The Covid-19 outbreak has given another convenient handle to those who oppose the phenomenon
Globalization, once considered inevitable, is facing a serious threat of retrenchment. In country after country, the disadvantages of globalization are seen outweighing advantages. Many governments across the world are openly retreating from what proponents claim have raised income levels but opponents assert have exacerbated inequality. The challengers may have been handed another convenient handle: Covid-19, a coronavirus strain, is fast expanding its footprint across the globe and wreaking havoc on jobs and lives.
At last count, the infection had spread to all continents except Antarctica: Starting from China, the virus has spread to Australia, Iran, Iraq, Algeria, Egypt, Italy, the US, Brazil, South Korea… and it’s still spreading.
How does this tie up with globalization? The process of globalization is aided by three primary channels: Trade, financial flows and sentiment or confidence (which gets transmitted through media and communication). When the North American financial crisis detonated in 2008, the tremors radiated globally through these three vectors, freezing economic activity in most countries.
Disease and infection, which move across borders with the same ease as tradables or money, represent globalization’s ugly face. But this needs a slightly more nuanced view. Trans-border movements of pathogens are not new. Stories, and even nursery rhymes, illustrate how outbreaks of bubonic plague and cholera wiped out human settlements in medieval times. Records also exist of Spanish conquistadors introducing new diseases like smallpox, measles, cholera and influenza, among others, to South America and wiping out whole settlements.
Interestingly, about a century ago, in 1918, when World War I was winding down in Europe, an influenza pandemic killed millions across the world, including in remote Alaska. It was branded the Spanish Flu, but some experts felt—inconclusively though—that the virus had migrated from China. There have been numerous pandemics since that have moved across man-made borders with relative ease: HIV/AIDS, SARS, Ebola, H1N1, Zika and Nipah. Globalization has turned full circle, with Covid-19 once again emerging from China.
After the 2014-16 Ebola outbreak, the World Bank Group and World Health Organization created an advocacy body called the Global Preparedness Monitoring Board (GPMB) to push for political action that could pre-empt and mitigate global health emergencies. The GPMB’s first report, released in September 2019, said somewhat prophetically that the world is not prepared for a fast-moving, virulent respiratory pathogen pandemic: “The 1918 global influenza pandemic sickened one-third of the world population and killed as many as 50 million people—2.8% of the total population. If a similar contagion occurred today with a population four times larger and travel times anywhere in the world lessthan 36 hours, 50-80 million people could perish. In addition to tragic levels of mortality, such a pandemic could cause panic, destabilize national security and seriously impact the global economy and trade."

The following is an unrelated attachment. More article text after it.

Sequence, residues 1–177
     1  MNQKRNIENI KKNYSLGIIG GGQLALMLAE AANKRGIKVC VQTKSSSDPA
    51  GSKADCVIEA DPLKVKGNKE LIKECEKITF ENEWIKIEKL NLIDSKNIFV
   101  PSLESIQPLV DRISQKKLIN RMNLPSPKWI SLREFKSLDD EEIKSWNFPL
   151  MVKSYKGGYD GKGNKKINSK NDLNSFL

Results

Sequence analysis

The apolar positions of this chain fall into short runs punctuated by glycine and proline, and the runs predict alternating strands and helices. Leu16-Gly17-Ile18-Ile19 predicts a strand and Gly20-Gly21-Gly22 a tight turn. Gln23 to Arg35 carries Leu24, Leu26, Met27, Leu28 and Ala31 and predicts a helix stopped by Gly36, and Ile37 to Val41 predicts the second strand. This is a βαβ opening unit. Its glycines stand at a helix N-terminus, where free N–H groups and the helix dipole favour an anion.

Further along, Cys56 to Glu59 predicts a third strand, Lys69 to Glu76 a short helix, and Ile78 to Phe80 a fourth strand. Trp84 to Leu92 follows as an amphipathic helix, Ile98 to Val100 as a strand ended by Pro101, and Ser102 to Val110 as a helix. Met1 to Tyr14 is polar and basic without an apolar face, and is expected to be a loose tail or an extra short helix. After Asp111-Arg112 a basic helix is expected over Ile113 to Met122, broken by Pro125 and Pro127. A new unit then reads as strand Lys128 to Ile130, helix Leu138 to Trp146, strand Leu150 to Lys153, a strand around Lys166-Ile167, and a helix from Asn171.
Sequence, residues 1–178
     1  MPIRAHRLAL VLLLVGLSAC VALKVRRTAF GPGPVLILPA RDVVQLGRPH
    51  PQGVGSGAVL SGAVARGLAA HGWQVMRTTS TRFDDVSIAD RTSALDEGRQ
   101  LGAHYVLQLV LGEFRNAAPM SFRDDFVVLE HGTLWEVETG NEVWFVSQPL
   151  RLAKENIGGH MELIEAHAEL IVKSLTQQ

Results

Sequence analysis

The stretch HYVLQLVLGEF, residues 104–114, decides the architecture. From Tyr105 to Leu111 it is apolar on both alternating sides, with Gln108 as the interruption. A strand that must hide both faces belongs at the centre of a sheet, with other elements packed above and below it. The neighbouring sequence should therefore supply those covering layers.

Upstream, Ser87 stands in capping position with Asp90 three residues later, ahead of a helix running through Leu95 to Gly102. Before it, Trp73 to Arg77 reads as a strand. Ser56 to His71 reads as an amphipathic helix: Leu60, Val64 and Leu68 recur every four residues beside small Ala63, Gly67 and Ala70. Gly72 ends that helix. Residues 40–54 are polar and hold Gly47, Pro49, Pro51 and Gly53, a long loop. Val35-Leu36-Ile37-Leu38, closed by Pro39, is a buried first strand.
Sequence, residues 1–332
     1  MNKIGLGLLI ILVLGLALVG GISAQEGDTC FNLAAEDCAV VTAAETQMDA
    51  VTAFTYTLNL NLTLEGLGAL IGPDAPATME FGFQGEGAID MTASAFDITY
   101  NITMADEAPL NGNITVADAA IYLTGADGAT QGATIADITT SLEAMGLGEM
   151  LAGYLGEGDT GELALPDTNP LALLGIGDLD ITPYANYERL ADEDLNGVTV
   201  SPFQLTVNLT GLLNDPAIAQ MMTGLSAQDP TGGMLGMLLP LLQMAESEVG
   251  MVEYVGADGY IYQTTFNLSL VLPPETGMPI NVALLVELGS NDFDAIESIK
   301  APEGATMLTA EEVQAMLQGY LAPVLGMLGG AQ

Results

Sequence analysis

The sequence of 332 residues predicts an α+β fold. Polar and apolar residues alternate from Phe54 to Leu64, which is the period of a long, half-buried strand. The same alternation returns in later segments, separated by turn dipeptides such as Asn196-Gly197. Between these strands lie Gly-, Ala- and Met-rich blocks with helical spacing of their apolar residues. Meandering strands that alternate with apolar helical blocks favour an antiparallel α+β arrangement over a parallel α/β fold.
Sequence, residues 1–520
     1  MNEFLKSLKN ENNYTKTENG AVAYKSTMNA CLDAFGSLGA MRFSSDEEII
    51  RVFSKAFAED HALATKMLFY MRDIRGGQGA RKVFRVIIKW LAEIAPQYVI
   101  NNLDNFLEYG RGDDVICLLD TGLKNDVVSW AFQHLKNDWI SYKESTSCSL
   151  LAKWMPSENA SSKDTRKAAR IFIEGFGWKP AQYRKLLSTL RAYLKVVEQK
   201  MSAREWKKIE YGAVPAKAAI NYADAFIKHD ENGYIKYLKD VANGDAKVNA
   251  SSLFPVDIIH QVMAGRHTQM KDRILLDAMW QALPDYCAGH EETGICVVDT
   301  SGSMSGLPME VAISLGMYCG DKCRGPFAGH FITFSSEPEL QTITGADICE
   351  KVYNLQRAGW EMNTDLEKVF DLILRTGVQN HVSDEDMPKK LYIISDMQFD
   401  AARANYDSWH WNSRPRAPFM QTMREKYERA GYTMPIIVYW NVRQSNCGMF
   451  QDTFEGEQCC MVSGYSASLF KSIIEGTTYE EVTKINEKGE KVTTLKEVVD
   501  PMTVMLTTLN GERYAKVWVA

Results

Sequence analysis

Panic is already visible. Singapore Airlines, for example, has conveyed to its regular flyers that it would remove all literature, including newspapers and magazines, from its aircraft to minimize transmission.
The GPMB report further says the first impact of any pandemic will be on global trade and tourism, both of which are major economic drivers. Global goods and services trade (including tourism) is estimated at around $22 trillion, accounting for 18% of the global economy. But here’s the thing: A large chunk of goods trade (anywhere upwards of 40%) emanates from developing economies. In the case of any fast-spreading outbreak, such as Covid-19, the erosion of national wealth is expected to be minimal in the rich world and devastating for the developing world. And, in any infection outbreak, the poor suffer the most. “Any country without basic primary healthcare, public health services, health infrastructure and effective infection control mechanisms faces the greatest losses, including death, displacement and economic devastation," says the report.
So, the question returns to what GPMB keeps asking: Is the political leadership ready? It might also be pertinent to ask whether it is fair to criticize globalization for a pandemic-induced loss, or should the focus be on weak internal systems of developing economies, which are unable to slow down the transmission of pathogens.
The challenges of globalization lie in the empirically proven fact that gains from opening up are not equally distributed, with consequences detrimental to human health. As studies continue to grapple with the links—economic, environmental, technological and demographic—between globalization and infectious diseases, it is debatable whether national, or even multilateral, governance systems are adequate for monitoring, preventing and treating pandemics.
In their book on the Bombay plague, authors Ishrat Syed and Kalpana Swaminathan (under the pseudonym Kalpish Ratna), write about a walled-off space in Mumbai’s Haffkine Institute, where Waldemar Mordecai Haffkine in 1897 created the first successful vaccine against the bubonic plague, tested it on himself, and saved millions of lives across the world. This historic room should perhaps become a memorial to the global war on pandemics.
Rajrishi Singhal is consulting editor of Mint. His Twitter handle is @rajrishisinghal
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